“God is eternal,” Hart insists, “not in the sense of possessing limitless duration but in the sense of transcending time altogether. Time is the measure of finitude, of change, of the passage from potentiality to actuality. God, however, being infinite actual being, is necessarily what Sikhism calls the Akhal Purukh, the One beyond time, comprehending all times within his eternal ‘now’; all things are present to him eternally in a simple act of perfect and immediate knowledge” (p. 136). As God told Moses, he is the “I am.” Our error comes when we try to grasp this and end up situating God’s infinity in the flow of time that we experience and know. So, for example, events separated in time, we assume, must be simultaneous with God. But, Hart says, they are not “really ‘simultaneous’ with God at all—he has no time to be simultaneous with” (p. 137). To experience events as simultaneous is to experience them in time, just at the same time. But God transcends time altogether. Or consider the notion of choice, such as God’s decision to create in the beginning. We experience the freedom to choose as an event in the flow of time, but must not translate that to God. “His freedom,” Hart says, can be understood as consisting not in some temporal act of decision that overcomes some prior state of indecision, but in the infinite liberty with which he manifest himself in the creation he wills from everlasting” (p. 139).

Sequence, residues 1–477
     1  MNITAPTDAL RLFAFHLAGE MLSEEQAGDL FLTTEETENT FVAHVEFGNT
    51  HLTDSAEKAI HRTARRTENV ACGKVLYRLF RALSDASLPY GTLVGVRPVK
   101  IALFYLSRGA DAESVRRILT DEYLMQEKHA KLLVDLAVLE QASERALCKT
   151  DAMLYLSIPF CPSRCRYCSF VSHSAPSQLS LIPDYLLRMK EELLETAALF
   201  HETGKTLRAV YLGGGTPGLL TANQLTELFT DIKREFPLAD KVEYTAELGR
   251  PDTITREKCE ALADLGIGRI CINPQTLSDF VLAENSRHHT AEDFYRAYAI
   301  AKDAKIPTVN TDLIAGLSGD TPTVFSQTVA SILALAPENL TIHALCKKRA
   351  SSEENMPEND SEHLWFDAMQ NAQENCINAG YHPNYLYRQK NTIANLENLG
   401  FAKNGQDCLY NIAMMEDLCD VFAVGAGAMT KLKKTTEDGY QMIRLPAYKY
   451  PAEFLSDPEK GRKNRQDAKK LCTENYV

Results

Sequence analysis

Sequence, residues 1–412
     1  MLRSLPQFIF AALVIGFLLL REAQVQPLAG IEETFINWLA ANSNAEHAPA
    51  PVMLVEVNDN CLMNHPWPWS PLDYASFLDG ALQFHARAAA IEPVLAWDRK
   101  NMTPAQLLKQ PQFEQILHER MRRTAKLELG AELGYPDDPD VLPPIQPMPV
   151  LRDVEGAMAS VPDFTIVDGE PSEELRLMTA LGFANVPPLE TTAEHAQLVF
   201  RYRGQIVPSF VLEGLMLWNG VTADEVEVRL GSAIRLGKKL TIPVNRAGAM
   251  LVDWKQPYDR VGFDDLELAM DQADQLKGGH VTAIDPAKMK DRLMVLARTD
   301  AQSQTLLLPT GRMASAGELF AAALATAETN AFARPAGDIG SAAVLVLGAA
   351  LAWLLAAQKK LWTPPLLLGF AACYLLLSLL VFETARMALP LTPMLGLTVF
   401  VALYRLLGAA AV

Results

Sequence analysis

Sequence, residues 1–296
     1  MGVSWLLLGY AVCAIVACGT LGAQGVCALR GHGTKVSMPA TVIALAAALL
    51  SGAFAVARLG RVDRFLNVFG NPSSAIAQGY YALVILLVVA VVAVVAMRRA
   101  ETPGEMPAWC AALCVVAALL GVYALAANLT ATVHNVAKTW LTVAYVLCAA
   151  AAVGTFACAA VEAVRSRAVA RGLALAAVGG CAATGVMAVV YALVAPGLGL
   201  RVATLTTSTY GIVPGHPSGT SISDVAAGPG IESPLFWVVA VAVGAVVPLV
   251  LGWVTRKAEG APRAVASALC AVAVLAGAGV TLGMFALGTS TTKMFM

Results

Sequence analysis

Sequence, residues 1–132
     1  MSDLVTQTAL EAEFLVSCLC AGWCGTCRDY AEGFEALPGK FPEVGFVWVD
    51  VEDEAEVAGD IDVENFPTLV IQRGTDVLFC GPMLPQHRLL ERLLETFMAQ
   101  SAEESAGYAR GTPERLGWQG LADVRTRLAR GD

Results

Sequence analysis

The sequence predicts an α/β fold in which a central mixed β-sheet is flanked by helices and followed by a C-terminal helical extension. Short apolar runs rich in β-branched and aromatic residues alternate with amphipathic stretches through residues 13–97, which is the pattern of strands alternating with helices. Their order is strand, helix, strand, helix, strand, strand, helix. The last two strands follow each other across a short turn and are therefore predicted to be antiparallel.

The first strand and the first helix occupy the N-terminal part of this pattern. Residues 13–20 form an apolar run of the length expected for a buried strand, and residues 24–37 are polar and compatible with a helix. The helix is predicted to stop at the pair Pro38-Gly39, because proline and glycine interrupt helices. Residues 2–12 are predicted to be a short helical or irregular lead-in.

That this is difficult to comprehend should not surprise us, since we are finite creatures talking about an infinite God. The fact that we are unfamiliar with such notions should suggest that perhaps our thinking about God has become so simplistic as to be unworthy of belief, to say nothing of being unworthy of God. And the infinity of God suggest we might have reason to believe that Christianity provides a singularly satisfying account of reality and its mysteries—so satisfying that it staggers the imagination.
Time and the mysteries it presents to finite creatures are indeed signals or hints of transcendence, and so will naturally appear in the stories we tell that try to make sense of life and reality. Some of those stories will be better than others, but the topic will always be a great place to begin a conversation about the things that matter most.
Edge of Tomorrow (directed by Doug Limon, U.S.A., 113 minutes; 2014. Rated PG-13 for intense sci-fi action and violence, language and brief suggestive material.)
- Denis Haack
- Good conversation and a leisurely meal, shared over fine dark ale, is a precious gift. We can't sit and talk in our living room at Toad Hall, so this will have to do. I am a generalist, interested in almost everything, and my posts reflect that. I cherish your comments, for or against.